nyone here have any similar near-hair-pulling experiences with their system? I can't wait until I get my new computer after Christmas... *sigh*

Funny you should mention that. My "hair puller" was last night. I was doing my normal system maintenance on the Windoze side of my Pavilion. Boot partition defragged fine. Computer started defragging the second partition and failed out! "Odd". I said to myself. I ran scandisk with no errors. Tried defrag again. No dice. Tried scandisk on full. Again, it flaked out. I then tried booting off a floppy and running scandisk. Failed again! TSIA Looked at my start-up procedure by booting to a command prompt. An errant program had my second partition "locked out". Removed the program in the normal fashion. SUCCESS!!! Happiness is a defragged hard drive! RLE

vic user
December 22nd, 2003, 12:17 PM
Working on a laptop isn't that hard. Things are really tight and cramped, but once you see the method the machine was put together, you've got it licked.
The easiest laptop I have ever worked on was a CompuAdd 325NLX. It had to be the most generic thing I have ever seen, and everything was integrated o the motherboard. The *hardest* one I ever worked on was a Compaq LTE sx/20, it had cables wrapped around here and there, and things that you would never think of were related to other distant parts of the machine. But then I figured out the method and had it licked! That Compaq has a tricky floppy, too, the COmpaq. I would have to set it on the table and basically hit it on the side where the floppy was to get it to work.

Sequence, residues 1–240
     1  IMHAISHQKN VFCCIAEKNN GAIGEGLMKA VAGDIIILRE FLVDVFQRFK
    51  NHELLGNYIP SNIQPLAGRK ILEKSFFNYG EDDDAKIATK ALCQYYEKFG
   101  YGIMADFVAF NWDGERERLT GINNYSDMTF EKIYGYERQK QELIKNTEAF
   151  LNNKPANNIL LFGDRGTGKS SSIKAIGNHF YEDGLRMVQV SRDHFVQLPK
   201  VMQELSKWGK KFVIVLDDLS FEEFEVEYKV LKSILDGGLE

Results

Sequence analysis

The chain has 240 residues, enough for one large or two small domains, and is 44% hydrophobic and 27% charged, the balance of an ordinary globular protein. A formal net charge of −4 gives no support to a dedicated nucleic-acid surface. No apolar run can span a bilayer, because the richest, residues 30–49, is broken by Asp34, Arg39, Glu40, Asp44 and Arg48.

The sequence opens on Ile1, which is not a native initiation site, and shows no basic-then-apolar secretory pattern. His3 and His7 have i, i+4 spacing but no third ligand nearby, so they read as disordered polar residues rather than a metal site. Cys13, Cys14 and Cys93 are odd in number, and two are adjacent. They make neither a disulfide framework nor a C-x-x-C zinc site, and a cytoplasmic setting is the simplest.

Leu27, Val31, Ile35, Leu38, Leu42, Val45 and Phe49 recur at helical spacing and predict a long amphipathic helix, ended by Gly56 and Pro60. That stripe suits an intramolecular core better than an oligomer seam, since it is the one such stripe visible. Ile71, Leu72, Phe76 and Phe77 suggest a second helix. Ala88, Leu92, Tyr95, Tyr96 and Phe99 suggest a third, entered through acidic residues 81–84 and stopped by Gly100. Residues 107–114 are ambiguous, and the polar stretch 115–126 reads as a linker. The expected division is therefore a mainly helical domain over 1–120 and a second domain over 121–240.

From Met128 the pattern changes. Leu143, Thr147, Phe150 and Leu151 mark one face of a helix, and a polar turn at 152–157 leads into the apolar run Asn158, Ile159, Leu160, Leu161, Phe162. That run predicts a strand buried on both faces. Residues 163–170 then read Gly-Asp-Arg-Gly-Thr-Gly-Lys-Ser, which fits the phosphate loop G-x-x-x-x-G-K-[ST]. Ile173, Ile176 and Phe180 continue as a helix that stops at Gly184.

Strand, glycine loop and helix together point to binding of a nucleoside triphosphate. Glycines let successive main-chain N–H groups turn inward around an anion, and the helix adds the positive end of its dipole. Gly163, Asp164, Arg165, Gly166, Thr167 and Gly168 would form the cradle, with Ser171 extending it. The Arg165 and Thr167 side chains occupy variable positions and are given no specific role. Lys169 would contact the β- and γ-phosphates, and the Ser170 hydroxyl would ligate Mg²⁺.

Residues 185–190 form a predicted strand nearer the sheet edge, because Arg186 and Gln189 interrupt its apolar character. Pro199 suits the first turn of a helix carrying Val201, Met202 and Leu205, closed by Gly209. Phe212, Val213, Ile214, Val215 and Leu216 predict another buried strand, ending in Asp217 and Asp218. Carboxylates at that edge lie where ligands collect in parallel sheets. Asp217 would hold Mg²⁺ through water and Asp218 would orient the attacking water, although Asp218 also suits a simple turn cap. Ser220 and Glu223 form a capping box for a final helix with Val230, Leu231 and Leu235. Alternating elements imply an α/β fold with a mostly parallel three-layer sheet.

Nathan

Hi Nathan;

I see what you mean about taking a look at it and trying to see how it was put together. And like I said, I do have the service manual for it. It's such a sweet little notebook, and I do want to have the floppy become more reliable, since the computer is excellent for writing things wherever I want to, then transfer the files via floppy.

Nice to hear someone else has had to do weird floppy drive things to get it to work. Not that I am happy you had porblems, but you know what I mean.

Chris